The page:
Homeowners in Vaudreuil-Dorion are outraged after their relatively new roof started leaking. They found out the hard way that the contractor they had hired was operating without a valid licence, meaning they’re not insured and are left with little recourse.
“You can see all the water coming in the exterior sheeting of the house in between the main walls and into the house,” Scott Pope said. “We’re concerned about asthma, health issues because water and insulation don’t mix very well.”
The Vaudreuil couple replaced their aging roof last summer to be proactive. They paid close to $6,000 to a West Island roofing company for a brand new shingle roof.
“We had no issues with the roof prior to doing the renovation, that’s what’s so frustrating,” Pope said.
The roof started leaking following last week’s warmer temperatures and the couple claims it caused an estimated $20,000 in damages since some kitchen cabinets, the floor and walls will now need to be replaced.
“I was supposed to have a 10-year workmanship on that roof which made me feel comfortable at first to sign the deal with him,” Eliane Foley told Global News.
The couple tried getting in touch with the contractor only to find out the company recently filed for bankruptcy. After contacting the Régie du bâtiment du Québec (RBQ), they discovered Les Toitures Bel-Air never had a valid licence to operate in the first place.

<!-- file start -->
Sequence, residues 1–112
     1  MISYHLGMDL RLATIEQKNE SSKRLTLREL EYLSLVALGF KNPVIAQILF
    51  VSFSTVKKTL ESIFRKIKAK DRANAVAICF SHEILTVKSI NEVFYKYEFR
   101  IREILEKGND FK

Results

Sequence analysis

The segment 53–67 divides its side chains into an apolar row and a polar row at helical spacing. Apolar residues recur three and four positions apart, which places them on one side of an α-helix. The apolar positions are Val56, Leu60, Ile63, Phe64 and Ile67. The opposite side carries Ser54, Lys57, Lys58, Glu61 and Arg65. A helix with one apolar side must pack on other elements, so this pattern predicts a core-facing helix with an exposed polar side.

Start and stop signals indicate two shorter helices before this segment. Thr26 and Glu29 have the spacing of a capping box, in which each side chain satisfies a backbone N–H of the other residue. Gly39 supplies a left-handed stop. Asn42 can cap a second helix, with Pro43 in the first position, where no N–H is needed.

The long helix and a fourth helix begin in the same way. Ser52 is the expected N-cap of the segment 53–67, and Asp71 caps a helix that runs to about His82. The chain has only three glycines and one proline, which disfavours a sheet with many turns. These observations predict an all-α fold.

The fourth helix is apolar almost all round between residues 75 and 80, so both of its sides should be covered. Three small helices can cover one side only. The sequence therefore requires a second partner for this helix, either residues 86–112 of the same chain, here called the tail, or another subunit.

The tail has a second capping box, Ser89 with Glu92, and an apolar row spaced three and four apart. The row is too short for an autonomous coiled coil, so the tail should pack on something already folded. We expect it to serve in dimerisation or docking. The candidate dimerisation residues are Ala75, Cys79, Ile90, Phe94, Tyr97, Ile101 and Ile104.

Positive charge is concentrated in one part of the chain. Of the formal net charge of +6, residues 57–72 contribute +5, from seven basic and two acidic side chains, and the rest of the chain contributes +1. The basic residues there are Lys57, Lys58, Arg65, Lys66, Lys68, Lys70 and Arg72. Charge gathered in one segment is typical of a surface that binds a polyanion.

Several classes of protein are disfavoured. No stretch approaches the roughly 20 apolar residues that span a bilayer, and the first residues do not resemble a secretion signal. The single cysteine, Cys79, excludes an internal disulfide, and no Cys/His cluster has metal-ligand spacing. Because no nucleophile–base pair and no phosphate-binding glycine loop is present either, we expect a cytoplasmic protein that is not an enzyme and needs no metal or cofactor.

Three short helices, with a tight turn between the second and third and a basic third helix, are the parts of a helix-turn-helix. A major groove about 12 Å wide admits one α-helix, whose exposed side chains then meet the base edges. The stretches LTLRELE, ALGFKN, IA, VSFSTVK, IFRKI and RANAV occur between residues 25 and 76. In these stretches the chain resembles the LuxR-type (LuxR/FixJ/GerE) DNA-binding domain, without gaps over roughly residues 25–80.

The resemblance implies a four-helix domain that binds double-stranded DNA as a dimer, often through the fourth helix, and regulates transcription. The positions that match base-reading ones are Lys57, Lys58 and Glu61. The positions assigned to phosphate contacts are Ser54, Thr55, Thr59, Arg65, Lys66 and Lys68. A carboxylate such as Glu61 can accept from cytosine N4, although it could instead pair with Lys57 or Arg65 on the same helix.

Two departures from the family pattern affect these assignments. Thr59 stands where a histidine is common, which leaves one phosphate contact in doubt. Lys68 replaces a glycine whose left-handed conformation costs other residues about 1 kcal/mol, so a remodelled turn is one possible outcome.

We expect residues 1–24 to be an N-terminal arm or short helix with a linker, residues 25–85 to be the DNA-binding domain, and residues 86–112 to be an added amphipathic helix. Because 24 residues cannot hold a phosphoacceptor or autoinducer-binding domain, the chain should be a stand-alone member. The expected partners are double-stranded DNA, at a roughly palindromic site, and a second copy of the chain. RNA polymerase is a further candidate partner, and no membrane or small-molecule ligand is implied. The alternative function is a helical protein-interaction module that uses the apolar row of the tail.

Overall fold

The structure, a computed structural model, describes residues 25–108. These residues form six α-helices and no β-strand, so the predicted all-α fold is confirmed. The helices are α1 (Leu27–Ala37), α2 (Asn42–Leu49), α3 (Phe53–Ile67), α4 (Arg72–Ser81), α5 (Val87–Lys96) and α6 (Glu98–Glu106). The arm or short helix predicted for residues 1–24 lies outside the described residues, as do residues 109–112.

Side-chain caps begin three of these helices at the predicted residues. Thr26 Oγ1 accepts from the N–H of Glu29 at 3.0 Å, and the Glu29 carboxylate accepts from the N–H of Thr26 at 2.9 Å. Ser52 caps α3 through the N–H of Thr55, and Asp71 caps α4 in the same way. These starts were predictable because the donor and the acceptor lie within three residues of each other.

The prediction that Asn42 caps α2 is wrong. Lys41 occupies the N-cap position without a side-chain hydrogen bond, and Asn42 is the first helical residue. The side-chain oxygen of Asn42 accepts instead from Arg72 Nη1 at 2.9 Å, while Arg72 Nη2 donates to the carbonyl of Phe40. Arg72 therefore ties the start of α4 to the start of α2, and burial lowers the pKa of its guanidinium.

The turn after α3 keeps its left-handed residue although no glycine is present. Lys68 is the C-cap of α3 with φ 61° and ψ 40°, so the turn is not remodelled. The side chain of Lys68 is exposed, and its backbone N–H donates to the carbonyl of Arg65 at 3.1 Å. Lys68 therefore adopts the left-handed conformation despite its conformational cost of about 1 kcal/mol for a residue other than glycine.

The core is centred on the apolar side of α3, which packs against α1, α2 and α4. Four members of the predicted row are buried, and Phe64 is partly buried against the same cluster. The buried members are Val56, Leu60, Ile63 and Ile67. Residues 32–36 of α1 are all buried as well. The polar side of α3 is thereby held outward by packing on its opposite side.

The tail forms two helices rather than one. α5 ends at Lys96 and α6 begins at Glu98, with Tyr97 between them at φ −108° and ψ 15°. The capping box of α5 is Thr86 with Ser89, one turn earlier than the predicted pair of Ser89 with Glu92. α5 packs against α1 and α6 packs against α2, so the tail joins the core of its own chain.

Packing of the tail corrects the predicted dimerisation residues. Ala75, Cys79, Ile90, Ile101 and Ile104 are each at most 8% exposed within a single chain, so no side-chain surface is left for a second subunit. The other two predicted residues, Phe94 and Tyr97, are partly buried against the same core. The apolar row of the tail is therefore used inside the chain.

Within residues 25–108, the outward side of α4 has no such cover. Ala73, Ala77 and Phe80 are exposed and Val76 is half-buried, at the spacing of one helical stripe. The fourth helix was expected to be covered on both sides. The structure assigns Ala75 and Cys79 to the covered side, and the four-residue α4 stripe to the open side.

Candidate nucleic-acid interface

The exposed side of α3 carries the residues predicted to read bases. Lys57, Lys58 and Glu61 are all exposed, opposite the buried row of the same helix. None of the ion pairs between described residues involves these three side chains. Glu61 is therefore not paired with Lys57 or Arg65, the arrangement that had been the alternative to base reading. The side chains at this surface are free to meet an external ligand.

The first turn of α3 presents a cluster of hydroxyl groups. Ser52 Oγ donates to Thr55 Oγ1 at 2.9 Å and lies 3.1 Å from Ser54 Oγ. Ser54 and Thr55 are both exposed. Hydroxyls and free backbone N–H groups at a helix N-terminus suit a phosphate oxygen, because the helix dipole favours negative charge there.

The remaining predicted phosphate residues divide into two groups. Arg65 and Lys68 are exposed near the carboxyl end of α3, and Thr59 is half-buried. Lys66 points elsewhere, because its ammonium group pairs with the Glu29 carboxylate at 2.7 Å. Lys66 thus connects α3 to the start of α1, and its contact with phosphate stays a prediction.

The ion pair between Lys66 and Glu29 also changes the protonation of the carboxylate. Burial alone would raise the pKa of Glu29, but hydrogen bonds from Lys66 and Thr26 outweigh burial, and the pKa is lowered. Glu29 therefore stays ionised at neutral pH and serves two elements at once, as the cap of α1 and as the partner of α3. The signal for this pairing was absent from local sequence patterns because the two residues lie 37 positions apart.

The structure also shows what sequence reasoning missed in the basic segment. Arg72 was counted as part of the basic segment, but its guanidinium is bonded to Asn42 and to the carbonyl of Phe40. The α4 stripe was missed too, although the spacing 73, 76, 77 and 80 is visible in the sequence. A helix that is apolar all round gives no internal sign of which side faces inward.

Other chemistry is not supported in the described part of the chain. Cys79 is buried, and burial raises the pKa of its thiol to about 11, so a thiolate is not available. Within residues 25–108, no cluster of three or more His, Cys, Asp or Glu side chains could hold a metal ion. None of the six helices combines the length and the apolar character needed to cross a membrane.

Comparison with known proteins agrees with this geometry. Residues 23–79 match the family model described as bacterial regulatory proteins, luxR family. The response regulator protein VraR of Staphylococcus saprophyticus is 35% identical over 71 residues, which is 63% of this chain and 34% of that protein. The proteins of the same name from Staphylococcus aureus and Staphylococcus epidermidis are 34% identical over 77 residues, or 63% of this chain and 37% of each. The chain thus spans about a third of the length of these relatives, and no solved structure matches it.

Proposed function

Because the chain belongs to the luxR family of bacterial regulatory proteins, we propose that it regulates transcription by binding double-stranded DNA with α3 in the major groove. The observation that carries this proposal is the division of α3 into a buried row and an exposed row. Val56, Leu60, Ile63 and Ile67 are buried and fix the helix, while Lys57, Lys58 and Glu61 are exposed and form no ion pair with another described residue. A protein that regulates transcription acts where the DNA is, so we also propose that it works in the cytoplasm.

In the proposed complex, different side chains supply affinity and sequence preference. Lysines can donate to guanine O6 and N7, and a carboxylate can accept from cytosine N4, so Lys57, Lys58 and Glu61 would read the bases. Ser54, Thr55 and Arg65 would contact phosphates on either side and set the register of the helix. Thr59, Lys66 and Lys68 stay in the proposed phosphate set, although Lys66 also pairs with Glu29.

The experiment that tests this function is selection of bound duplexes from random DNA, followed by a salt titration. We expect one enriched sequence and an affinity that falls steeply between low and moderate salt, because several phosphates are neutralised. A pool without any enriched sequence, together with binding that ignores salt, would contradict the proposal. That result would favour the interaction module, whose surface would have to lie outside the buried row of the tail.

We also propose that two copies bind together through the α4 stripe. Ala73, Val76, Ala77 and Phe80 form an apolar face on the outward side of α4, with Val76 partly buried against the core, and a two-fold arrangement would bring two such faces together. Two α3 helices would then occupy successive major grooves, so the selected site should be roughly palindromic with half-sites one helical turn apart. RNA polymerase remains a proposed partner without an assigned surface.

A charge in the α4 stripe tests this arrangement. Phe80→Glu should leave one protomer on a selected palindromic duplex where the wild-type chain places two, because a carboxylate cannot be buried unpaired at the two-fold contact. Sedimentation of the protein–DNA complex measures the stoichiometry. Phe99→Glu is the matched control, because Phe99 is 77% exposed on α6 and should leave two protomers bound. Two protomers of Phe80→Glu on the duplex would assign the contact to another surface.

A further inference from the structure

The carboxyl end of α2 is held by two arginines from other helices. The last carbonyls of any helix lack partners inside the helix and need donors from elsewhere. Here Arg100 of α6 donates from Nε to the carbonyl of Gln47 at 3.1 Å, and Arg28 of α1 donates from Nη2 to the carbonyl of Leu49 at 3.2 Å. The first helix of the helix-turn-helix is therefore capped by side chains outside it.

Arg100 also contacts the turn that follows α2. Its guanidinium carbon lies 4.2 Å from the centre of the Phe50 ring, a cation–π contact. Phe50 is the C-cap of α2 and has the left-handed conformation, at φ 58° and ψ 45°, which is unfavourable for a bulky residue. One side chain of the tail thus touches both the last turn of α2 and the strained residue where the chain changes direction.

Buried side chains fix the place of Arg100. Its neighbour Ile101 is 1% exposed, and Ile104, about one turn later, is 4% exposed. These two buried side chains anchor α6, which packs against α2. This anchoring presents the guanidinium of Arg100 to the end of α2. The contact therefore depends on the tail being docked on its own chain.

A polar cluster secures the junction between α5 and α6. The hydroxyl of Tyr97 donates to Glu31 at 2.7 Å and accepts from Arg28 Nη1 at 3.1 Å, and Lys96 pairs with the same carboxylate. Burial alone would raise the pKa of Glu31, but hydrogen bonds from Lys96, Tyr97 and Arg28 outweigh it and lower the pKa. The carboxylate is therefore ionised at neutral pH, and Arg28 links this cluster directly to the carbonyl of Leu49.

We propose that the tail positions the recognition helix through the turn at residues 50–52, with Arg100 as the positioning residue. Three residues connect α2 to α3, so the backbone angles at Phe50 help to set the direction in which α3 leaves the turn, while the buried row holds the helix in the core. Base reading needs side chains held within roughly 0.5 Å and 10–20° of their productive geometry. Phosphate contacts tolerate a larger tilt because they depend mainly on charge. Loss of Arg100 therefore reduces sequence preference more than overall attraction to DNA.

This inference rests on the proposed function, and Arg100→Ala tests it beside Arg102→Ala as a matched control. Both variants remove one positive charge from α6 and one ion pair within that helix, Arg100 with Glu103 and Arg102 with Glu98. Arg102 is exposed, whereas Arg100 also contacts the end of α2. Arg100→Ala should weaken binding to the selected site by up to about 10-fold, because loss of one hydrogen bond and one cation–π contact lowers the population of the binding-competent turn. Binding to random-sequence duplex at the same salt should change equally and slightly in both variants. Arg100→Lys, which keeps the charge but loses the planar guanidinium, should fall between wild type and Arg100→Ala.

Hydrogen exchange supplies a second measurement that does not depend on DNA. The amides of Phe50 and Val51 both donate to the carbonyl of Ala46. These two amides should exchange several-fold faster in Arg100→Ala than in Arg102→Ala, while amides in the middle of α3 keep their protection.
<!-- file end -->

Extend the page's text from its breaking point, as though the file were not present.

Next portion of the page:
“It’s illegal to do what he’s doing, unfortunately, we trust people and it’s sad to know that it’s giving us bad results right now,” Foley said.
Global News reached the company’s owner on the phone, who admitted to wrongdoing and claims he used the licence number of a former business partner.
“Yes, the RBQ number is not valid,” Evangelos Paloukis said. “Look, this is the whole reason why the company has gone bankrupt is because there are a few things that were not done properly, a few mistakes done on my part as an owner.”
The Quebec-based consumer protection group Association des consommateurs pour la qualité dans la construction (ACQC) warns that falsifying information is not unheard of in the construction industry. The best way to avoid getting stung is to always verify with Quebec’s Régie du bâtiment that the contractor’s licence number is valid before signing a contract.
“You have to check it — I mean, it’s terrible to have to do that, there are some people who will make you believe that they have a licence when they don’t,” ACQC’s president Albanie Morin said. “One can presume that when a licence number is there, that it’s right but this story shows that you must check just to be sure.”
Despite filing for bankruptcy, the couple is convinced that Les Toitures Bel-Air continues to take on new contracts. In fact, Quebec’s Registraire des entreprises shows that a new company was recently registered under the same company name and address.
“He’s probably doing work for people right now, unbeknownst to them, he’s not only not licensed, not insured or not a merchant, he’s also under bankruptcy — it’s illegal that he’s doing any kind of work whatsoever,” Pope said.
The couple has hired another company to do repair work until they can completely replace the roof after the spring thaw. They’ve started a GoFundMe page in the hopes that their friends and neighbours will help cover the costs.